Dear Tax Talk,My wife and I were married in August 2010. I have been reading that we may want to adjust our W-4 allowances in order to avoid paying money back at tax time. We would like to maximize the amount we get back from income taxes, because we plan to use some of this money toward a down payment on a house together. What is your recommendation? Any help would be greatly appreciated.-Alex
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Dear Alex,While on the one hand you're getting together with the love of your life, on the other the tax code is preparing to separate you from your money.
There are basically two filing statuses: married or unmarried. When much of today's tax code was written, married couples were intended to be given a break by lowering their tax rates and increasing their deductions. However, this was back in the day when one spouse didn't work or made a fraction of the other spouse's income. With the evolution of equal pay, the tax advantages of marriage declined. The reason is that the tax rates are progressive: The higher an individual's income, the higher their tax rate.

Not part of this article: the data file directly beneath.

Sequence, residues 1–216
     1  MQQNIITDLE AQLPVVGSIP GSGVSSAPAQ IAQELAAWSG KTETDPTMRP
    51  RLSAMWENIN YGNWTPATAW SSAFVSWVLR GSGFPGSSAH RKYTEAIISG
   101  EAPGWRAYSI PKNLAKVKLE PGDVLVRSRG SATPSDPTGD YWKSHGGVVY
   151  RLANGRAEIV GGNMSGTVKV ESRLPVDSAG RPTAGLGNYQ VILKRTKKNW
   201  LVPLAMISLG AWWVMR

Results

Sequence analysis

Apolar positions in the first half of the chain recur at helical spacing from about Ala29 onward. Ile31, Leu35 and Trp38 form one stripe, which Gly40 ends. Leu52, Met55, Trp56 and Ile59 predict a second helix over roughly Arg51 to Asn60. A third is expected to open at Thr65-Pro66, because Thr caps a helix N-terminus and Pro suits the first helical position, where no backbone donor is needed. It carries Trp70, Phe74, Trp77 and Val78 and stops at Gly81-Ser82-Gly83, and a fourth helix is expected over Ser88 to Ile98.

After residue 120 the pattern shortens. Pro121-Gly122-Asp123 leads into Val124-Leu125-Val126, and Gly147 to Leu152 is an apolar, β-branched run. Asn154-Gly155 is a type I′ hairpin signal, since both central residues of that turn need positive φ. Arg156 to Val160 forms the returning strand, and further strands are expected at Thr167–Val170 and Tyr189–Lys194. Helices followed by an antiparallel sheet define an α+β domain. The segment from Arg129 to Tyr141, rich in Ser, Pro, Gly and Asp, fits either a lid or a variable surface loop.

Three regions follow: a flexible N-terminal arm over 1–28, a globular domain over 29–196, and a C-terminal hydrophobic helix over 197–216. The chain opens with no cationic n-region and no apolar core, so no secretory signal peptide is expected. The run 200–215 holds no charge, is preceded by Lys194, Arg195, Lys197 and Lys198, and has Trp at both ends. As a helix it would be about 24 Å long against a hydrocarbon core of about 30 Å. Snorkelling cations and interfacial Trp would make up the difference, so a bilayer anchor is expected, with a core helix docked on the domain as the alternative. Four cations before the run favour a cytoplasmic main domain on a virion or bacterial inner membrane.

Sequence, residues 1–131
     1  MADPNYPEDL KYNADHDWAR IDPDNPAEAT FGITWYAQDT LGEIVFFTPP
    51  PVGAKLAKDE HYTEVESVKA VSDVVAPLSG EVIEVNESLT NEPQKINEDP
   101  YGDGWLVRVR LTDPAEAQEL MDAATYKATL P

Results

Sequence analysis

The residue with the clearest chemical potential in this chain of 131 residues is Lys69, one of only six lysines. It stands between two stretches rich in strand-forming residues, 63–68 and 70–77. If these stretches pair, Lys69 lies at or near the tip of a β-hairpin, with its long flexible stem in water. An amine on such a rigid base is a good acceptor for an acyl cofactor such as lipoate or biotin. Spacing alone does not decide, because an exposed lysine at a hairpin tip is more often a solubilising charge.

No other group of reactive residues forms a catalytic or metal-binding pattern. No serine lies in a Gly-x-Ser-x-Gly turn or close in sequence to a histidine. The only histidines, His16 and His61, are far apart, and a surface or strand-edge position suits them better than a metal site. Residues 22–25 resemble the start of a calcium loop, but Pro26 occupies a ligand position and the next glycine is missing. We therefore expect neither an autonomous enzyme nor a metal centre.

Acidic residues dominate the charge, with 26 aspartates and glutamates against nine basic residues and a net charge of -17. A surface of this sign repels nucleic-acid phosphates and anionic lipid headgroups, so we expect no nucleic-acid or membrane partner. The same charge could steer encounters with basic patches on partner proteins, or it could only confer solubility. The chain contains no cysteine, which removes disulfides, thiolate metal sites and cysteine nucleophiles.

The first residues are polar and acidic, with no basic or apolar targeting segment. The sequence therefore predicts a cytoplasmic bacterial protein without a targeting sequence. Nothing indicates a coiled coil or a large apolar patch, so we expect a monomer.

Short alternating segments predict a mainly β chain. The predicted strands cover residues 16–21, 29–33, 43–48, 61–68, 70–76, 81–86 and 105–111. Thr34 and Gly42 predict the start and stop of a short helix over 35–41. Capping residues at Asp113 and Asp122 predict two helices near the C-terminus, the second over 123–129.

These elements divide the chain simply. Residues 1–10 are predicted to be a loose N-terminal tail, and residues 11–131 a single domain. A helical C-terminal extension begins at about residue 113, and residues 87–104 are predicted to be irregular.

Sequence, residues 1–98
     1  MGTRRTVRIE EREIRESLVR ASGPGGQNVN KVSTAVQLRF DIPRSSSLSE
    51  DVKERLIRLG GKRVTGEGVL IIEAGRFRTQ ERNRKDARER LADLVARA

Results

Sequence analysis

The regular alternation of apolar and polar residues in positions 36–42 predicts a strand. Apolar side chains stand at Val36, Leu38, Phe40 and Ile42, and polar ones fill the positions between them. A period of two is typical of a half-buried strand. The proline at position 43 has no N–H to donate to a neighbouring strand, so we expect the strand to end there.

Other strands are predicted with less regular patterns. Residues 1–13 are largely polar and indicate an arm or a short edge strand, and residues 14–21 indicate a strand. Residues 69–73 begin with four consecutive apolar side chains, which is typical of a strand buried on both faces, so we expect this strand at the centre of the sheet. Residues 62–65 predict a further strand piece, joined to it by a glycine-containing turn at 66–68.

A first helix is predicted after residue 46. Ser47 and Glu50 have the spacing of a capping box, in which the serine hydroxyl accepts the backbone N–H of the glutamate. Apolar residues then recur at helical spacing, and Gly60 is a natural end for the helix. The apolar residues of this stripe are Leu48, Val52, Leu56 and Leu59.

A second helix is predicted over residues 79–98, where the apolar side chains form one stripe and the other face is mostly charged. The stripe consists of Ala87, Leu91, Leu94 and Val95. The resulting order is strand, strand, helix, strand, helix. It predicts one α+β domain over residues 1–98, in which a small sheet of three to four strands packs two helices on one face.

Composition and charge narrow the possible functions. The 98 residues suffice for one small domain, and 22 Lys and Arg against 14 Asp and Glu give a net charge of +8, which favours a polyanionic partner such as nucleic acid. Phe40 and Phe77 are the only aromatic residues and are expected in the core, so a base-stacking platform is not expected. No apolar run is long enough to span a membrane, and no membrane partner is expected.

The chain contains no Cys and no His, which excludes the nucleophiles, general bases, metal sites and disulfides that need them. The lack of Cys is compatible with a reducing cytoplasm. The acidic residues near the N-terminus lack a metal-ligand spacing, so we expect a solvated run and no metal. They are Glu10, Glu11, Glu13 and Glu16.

If you look at the 2010 tax rates, the break point for a married couple is double that of an unmarried taxpayer up to $137,300. Two unmarried taxpayers netting $82,400, the maximum taxable income before the next higher rate, will pay less tax combined than a married couple each making the same.
Part of the penalty is negated by the economies of marriage. A married couple's housing and food costs are not the same as two unmarried taxpayers living apart. In other words, a slightly bigger home that a married couple may occupy does not cost the same to occupy (including utilities) as two individual homes for unmarried taxpayers. Of course, a cohabitating couple without the tax disadvantage of marriage would enjoy the same economies.
All that said, it's too late in the year to change your W-4 at work to increase your federal income tax to overcome the marriage penalty in 2010. For 2011, you may want to complete new W-4 forms. In figuring withholding allowances, complete the two-earner section of the W-4 to determine any increased withholding.
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